Last Thursday morning Louisa Baillie drove down the five-kilometre dirt track that connects her jungle home in the Amazon rainforest to the main road. At the junction, she parked, hiking the rest of the way into Mera, a town of about 8,000 people.
After filling her backpack with fruit and vegetables from local sellers, she grabbed some leaves and set about plucking termites off trees along the roadside, stuffing them into a bucket containing small fragments of the insects’ nests. Baillie works as a veterinarian at Merazonia, a wildlife rescue centre in Ecuador. The termites were dinner for Andy the anteater, a baby recently confiscated at a police checkpoint.
“Normally we do the shopping twice a week, but at the moment moving around is quite difficult,” she explained by phone as she popped succulent leaves into the mouth of a baby sloth snuggled up against a teddy bear. The youngster had fallen out of a tree a few weeks ago and was now on the mend. “Now we’re trying to do more regular, smaller shopping trips, going into the village and seeing what we can pick up as we go along.”
A few days earlier, Ecuador had begun restricting movement within the country to combat the coronavirus pandemic.
With about 100 animals in the rescue centre, including capuchin, tamarin and howler monkeys, kinkajous and a puma, Merazonia faces an uncertain future. Most of the animals here were confiscated from the illegal wildlife trade in South America and many can’t be returned to the wild. Much of the centre’s funding comes from volunteer tourism. But with the borders closed to all foreign travellers, that won’t last long.
“Our day-to-day operations rely on the fees that volunteers pay, which covers the cost of food and medicine for the animals,” Baillie said. Though some volunteers have become stuck in Ecuador since the borders closed on 16 March, “as soon as the borders open, almost everyone will go home”.
As the coronavirus spreads from country to country, disrupting global travel and the economy, wildlife rescue centres are struggling to make ends meet. The Centre for Orangutan Protection in Kalimantan, Indonesia’s section of Borneo, has temporarily shut down to minimise the spread of the virus. Others like Merazonia rely on tourism dollars to care for their animals. Since China’s shutdown of Wuhan in January, visitor numbers have plummeted at Asia’s wildlife centres.
Edwin Wiek runs Wildlife Friends Foundation Thailand and is secretary general of the Wild Animal Rescue Network, a group of east and south-east Asia wildlife rescue groups. At his wildlife rescue centre and elephant refuge in Phetchaburi, “we have lost 80% of our funding”, he said.
“We have over 700 animals – 25 elephants which require a lot of care and food, about 30 bears and 400 primates.” If he cut 50% of his staff, the rescue centres could survive one or two months, perhaps three, but any longer would be untenable, he said. Under Thai law, Wiek can’t apply for a bank loan because he operates as a charitable foundation, not a business. “If I can’t find alternative income in about three months from now, I either need to open the cages and let the animals go, which I can’t do, or I have to put them down. We’re trying to do everything we can.”
In Chengdu, a city of roughly 16 million people in western China, NGO Animals Asia operates a refuge for 48 vulnerable-listed moon bears rescued from farms. Bile extracted from the bears’ gallbladders is a staple of traditional medicine in the country.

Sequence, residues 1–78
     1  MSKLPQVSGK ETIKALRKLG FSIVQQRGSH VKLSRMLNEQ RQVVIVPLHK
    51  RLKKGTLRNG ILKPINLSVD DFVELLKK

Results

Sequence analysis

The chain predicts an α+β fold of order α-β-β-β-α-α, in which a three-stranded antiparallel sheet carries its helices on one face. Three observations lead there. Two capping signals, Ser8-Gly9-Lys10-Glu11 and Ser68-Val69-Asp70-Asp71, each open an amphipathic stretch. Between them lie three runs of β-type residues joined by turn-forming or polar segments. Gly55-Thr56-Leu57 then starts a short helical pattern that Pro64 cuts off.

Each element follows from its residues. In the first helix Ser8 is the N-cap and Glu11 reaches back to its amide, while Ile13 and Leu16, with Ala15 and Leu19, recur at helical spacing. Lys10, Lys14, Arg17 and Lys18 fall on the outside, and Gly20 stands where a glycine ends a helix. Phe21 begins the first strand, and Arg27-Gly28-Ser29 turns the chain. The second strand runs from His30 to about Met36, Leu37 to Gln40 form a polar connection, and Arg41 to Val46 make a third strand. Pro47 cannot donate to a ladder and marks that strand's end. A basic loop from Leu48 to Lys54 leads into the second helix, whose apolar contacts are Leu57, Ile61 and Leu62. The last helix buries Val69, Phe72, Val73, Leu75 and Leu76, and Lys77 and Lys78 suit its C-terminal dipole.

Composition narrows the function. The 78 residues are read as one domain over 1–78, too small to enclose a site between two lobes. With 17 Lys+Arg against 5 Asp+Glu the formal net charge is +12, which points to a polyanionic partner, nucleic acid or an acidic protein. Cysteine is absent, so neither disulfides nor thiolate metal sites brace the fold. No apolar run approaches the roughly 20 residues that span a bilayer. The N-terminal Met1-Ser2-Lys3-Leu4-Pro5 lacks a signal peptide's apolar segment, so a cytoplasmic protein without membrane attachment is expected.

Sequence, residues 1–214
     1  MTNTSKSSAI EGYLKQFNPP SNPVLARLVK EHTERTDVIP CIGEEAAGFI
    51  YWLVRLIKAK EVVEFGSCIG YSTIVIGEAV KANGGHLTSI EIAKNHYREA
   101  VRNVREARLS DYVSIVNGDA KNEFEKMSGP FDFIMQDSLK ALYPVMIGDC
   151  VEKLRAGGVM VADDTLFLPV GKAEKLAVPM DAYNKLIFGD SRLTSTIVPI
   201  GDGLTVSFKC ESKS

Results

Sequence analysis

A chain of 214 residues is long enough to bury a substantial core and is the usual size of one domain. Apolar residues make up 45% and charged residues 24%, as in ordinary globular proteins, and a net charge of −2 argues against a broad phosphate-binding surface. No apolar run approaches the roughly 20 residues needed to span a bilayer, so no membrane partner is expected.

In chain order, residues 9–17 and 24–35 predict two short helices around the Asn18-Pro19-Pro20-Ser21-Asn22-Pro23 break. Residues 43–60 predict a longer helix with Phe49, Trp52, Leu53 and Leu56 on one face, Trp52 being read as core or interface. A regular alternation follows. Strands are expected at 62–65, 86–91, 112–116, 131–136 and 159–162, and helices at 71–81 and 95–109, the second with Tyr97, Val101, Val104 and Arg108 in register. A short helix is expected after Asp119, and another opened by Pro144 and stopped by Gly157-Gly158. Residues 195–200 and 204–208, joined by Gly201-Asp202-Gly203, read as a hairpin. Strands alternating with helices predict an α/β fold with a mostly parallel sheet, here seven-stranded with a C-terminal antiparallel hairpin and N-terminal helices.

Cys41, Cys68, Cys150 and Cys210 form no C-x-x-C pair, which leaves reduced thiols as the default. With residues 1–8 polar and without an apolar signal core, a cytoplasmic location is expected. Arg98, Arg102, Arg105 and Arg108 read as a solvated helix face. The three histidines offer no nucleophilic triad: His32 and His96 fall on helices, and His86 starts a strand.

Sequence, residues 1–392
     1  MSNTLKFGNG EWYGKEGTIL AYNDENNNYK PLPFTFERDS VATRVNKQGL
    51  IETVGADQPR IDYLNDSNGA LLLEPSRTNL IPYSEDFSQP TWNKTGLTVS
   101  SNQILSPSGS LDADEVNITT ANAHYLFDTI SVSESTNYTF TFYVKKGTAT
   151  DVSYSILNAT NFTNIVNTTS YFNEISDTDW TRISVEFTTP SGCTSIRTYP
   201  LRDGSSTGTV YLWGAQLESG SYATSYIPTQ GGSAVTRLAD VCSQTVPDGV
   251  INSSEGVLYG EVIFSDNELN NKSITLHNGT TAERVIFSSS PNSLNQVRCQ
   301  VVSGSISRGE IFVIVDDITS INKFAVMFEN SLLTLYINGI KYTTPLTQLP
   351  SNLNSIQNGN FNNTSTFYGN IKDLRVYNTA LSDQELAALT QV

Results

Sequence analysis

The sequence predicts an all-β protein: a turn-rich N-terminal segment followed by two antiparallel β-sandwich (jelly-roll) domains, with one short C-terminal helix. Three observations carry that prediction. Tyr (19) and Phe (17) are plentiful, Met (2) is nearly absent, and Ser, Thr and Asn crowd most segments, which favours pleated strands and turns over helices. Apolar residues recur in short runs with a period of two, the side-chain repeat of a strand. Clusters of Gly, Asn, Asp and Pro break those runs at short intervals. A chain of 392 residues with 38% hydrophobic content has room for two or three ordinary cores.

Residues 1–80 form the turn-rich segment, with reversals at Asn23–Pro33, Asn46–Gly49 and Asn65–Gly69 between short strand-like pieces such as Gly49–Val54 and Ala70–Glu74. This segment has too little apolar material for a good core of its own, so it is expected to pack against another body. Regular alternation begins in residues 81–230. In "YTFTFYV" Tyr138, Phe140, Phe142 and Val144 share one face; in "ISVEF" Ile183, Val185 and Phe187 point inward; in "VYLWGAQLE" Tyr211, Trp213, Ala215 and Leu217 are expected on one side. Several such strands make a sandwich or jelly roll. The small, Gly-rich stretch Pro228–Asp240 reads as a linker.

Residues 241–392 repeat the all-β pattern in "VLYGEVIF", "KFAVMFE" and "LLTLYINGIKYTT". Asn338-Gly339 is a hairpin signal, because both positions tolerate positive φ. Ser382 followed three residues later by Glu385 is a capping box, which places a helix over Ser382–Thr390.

After China implemented widespread measures to stall the spread of the coronavirus, the price of masks and medications spiked. “It’s been very scary,” said Ryan Sucaet, the centre’s vet team director. “At our sanctuary we have a really geriatric population of bears that are very reliant on pain relief. It was a challenge to get through those times. We’ll never let the bears’ welfare be compromised, but it came at a cost.” A shipment of 10,000 medical masks for workers disappeared, likely intercepted by the government for frontline medical workers. “Making sure our stockpiles remain high now is our biggest concern.”
Elsewhere, Free the Bears, an Australian non-profit with sanctuaries in Laos, Cambodia and Vietnam, had plans to rescue a male and female bear in mid-February. Both had been caged in Vietnam’s bile farms for more than 18 years. But when the Vietnamese government temporarily halted all transport and trade of wildlife in the country, it had unintentional consequences; the rescue was suddenly up in the air.
Eventually, Free the Bears was given the go-ahead to quickly move the bears to their Cat Tien sanctuary. “But for now it’s prohibited again to move wildlife within Vietnam,” said Rob Mabin, communications manager for the organisation.
Despite fears about money in the short term, there is a silver lining to the crisis for Asia’s wildlife rescue workers. In late February, China issued a temporary ban on the trade and consumption of wild animals which is expected to be signed into law later this year. Vietnam’s prime minister, Nguyen Xuan Phuc, has asked the country’s agriculture ministry to draft a directive to permanently end illegal trading and consumption of wildlife, motivated by fears that the animals are a source of disease.
Jill Robinson founded Animals Asia 22 years ago. For decades, the group has pushed governments to end the wildlife trade. Now its goals are finally coming to fruition. “We’ve already seen significant change relatively quickly from authorities,” she said from Hong Kong. Though it remains to be seen if the ban will affect animals used for medicine, she said, “the world is waking up to the fact that it’s impossible to humanely farm these under strict biosecurity conditions”.
“We are realising we need to change our habits and our attitudes around the way that we live with wildlife, and our stewardship of wildlife.”